Finished 47-35, third in Southeast Division, fifth in Eastern Conference
First Round: Lost to Boston Celtics 4-1
Additions and Re-Signings
Dwyane Wade via re-signing, LeBron James via free agency, Chris Bosh via free agency, Mike Miller via free agency, Udonis Haslem via re-signing, Zydrunas Ilgauskas via free agency, Jamaal Magloire via re-signing, Joel Anthony via re-signing, Carlos Arroyo via re-signing, Shavlik Randolph via re-signing, James Jones via re-signing, Dexter Pittman via draft, Eddie House via free agency, and Juwan Howard via free agency.
Jermaine O'Neal via free agency, Michael Beasley via trade, Quentin Richardson via free agency, Dorell Wright via free agency, and Daequan Cook via trade.
The Miami Heat are a motivated team. They knew what they wanted when they were going into the offseason and they got it. Every one of Pat Riley's plans came through starting off with the re-signing of Dwyane Wade, closely followed by the signing of Chris Bosh, and then capped off with the signing of the reigning MVP in LeBron James much to the dismay of the rest of the NBA.
Somehow, someway they managed to surround three near-max contract players with a quality bench filled with a plethora of defenders, three-point shooters, and veterans to pay cuts and reduced contracts.
For the first time in four years, Miami can finally say the Heat is on.
The Heat heavily relied on Dwyane Wade as their main scorer, passer, and emotional leader for the past two years as Wade had little to no one to look to when it came down to finding a reliable second scoring option. Jermaine O'Neal proved to be faulty come postseason time when he shot less than 20 percent in last season's loss to Boston, Michael Beasley was too streaky of a shooter and couldn't utilize his strengths, and Udonis Haslem bases most of his scoring on getting open thanks to Wade's ability to attract double teams.
With LeBron James and Chris Bosh on the team now, I don't think Wade will have to worry about finding a second or a third or even a fourth option that can put the ball in the basket without needing his guidance over 48 minutes. Dwyane has played like an MVP the past two seasons by carrying a team filled with veteran's past their prime and rookies to 45 plus win seasons and taking his first scoring title in the process by averaging 30 points two seasons ago.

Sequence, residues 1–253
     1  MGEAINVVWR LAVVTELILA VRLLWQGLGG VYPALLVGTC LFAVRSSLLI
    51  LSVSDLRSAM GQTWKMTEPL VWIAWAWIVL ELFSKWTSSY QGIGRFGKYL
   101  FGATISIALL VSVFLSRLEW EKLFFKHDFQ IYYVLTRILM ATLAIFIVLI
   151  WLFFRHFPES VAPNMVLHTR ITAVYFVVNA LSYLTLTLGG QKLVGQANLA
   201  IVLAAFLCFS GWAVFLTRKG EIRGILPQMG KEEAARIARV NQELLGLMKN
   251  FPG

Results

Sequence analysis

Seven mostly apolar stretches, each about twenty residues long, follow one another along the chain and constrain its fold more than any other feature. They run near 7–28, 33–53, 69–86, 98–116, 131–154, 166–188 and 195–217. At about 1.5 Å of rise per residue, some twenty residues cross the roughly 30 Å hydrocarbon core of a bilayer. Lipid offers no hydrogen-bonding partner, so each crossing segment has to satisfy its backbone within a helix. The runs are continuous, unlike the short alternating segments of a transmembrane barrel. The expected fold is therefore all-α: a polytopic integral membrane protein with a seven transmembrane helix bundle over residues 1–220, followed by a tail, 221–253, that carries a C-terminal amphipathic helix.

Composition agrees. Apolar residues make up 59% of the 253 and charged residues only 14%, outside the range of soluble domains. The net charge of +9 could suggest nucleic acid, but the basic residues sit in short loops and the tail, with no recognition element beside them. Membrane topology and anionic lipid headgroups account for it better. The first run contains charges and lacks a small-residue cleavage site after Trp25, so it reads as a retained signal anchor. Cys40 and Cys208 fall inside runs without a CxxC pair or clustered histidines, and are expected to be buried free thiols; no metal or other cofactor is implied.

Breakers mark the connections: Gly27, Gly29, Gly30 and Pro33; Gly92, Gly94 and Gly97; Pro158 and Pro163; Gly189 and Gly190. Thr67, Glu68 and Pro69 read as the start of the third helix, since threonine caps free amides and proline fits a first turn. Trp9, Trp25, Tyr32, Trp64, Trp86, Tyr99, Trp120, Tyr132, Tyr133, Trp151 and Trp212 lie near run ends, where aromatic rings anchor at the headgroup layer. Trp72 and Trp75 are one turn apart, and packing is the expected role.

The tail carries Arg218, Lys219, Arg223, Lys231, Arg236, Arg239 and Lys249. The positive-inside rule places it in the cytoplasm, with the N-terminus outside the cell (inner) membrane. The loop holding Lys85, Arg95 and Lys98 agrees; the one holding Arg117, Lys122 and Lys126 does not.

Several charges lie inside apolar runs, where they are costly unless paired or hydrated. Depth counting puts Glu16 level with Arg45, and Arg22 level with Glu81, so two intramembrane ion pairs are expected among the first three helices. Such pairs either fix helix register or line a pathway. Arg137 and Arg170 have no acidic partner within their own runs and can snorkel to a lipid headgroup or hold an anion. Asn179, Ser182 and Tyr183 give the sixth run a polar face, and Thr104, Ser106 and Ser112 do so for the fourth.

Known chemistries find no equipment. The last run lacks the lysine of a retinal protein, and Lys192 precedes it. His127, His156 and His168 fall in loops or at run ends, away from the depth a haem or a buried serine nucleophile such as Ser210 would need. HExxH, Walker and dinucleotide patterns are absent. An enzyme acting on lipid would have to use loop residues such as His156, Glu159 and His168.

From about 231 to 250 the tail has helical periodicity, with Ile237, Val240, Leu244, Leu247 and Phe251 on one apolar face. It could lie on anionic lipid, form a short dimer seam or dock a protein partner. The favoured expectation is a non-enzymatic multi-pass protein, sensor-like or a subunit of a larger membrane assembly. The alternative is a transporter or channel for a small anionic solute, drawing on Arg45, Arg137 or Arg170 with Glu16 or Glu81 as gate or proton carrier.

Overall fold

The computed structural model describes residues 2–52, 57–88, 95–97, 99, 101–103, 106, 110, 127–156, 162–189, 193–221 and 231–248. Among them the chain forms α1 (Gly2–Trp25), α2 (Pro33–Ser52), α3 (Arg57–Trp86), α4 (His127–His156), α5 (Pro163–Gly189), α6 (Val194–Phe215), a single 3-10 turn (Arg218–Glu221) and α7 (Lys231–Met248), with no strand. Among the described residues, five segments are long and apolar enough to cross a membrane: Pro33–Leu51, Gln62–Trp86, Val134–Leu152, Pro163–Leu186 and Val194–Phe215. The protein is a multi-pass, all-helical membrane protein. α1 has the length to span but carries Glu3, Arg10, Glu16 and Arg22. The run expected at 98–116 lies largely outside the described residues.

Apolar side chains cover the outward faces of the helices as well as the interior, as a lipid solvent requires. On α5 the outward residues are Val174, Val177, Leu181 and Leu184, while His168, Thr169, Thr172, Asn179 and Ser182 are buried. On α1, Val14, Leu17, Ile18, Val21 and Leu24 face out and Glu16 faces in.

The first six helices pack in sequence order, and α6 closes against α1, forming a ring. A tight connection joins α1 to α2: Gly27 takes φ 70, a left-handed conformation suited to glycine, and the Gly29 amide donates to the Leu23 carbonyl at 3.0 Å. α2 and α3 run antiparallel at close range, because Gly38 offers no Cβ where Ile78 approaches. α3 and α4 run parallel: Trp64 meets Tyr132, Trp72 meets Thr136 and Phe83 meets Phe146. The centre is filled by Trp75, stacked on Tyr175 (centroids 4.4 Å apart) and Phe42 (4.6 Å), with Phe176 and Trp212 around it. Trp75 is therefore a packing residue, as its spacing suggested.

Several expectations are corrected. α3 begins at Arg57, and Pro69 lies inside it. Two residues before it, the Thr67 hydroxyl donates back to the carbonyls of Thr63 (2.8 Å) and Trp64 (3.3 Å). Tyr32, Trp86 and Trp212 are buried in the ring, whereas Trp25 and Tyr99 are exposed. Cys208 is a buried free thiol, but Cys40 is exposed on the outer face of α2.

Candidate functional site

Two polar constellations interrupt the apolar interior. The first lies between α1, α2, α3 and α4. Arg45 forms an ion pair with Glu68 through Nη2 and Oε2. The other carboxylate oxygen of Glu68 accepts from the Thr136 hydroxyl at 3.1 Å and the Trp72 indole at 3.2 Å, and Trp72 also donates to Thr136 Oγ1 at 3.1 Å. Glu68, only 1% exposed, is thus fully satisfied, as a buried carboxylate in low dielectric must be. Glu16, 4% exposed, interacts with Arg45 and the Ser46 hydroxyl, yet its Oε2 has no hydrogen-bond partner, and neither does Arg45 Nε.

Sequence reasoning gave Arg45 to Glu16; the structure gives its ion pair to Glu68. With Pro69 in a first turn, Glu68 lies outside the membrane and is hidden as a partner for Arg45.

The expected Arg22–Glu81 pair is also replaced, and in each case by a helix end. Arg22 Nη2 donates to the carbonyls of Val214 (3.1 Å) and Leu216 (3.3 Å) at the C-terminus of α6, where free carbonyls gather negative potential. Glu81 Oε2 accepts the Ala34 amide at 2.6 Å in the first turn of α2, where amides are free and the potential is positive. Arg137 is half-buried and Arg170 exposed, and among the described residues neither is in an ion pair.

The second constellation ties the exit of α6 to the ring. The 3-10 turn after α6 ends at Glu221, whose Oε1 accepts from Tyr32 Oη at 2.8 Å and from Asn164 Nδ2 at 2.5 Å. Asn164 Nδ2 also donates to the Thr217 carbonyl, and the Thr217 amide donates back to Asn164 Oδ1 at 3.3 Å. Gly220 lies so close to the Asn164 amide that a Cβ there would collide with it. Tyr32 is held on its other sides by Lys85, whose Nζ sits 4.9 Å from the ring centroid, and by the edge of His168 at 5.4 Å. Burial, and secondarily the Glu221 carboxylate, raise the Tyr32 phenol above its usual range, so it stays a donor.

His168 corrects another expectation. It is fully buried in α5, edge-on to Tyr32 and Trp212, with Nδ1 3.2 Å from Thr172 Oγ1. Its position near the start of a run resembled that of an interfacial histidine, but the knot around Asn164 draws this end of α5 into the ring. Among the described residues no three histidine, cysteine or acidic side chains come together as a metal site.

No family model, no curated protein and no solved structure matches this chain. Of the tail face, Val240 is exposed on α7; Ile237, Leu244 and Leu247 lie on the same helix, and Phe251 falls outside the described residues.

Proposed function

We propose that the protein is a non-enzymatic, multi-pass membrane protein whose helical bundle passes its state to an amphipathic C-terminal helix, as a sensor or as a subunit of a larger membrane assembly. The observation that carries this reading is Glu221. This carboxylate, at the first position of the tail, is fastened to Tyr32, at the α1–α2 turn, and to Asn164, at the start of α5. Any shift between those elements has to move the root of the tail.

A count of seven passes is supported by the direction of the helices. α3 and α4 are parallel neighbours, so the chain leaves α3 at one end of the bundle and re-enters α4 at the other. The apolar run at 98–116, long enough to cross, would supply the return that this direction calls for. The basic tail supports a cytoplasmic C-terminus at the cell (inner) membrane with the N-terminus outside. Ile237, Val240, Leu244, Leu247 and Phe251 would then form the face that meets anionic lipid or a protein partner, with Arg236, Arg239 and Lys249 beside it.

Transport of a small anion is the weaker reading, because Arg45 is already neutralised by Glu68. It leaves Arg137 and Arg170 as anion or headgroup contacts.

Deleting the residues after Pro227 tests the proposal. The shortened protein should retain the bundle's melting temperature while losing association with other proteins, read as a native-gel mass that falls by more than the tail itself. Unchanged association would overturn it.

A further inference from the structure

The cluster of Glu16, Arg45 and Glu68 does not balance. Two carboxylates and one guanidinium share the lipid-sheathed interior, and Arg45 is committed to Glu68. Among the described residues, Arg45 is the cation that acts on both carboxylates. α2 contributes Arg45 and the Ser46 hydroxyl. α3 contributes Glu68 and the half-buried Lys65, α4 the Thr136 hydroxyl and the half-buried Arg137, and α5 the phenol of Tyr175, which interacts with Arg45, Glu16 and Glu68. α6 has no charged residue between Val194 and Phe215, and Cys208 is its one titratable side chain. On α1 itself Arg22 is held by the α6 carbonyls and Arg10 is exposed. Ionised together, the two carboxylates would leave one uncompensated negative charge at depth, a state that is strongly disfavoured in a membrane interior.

His scoring dropped off to 27 points last season, but he was still able to carry the team to a fifth seed before an embarrassing series against the eventual Eastern Conference champion Celtics where Wade set the high for points in the postseason with 46 in the team's lone victory.
There are arguably two players in the NBA just as talented as Wade and one of them is playing in Los Angeles and the other just joined Dwyane. LeBron James is coming off another stellar season averaging nearly 30 points, nine assists, and seven rebounds last season with the Cavs. James was in the same boat as Wade when it came down to postseason as the both of them saw their season end at the hand of the Celtics and saw their supporting cast falter when needed most.
The third biggest acquisition in Chris Bosh gives the Heat their first legitimate post presence since Shaquille O'Neal left the team in the middle of the 2006-07 season. Bosh is coming off a career season where he averaged 24 points on 52 percent shooting to go along with 11 rebounds. His former Raptors team cannot boast the same success last season as they failed to make the postseason for the second straight season.
Now that the Heat got all three, how does it work out?
Very easily if you think about it. When these three joined the team, they knew the risks that they were taking. They knew that there would be no room for egos and that each player will need to know their respective role. When LeBron came to the team, he knew he was joining Dwyane Wade's Miami Heat, as did Chris Bosh. If the three of them wanted to continue to be statistical oddities and attempt to outscore teams by themselves, they could have stayed with their respective teams.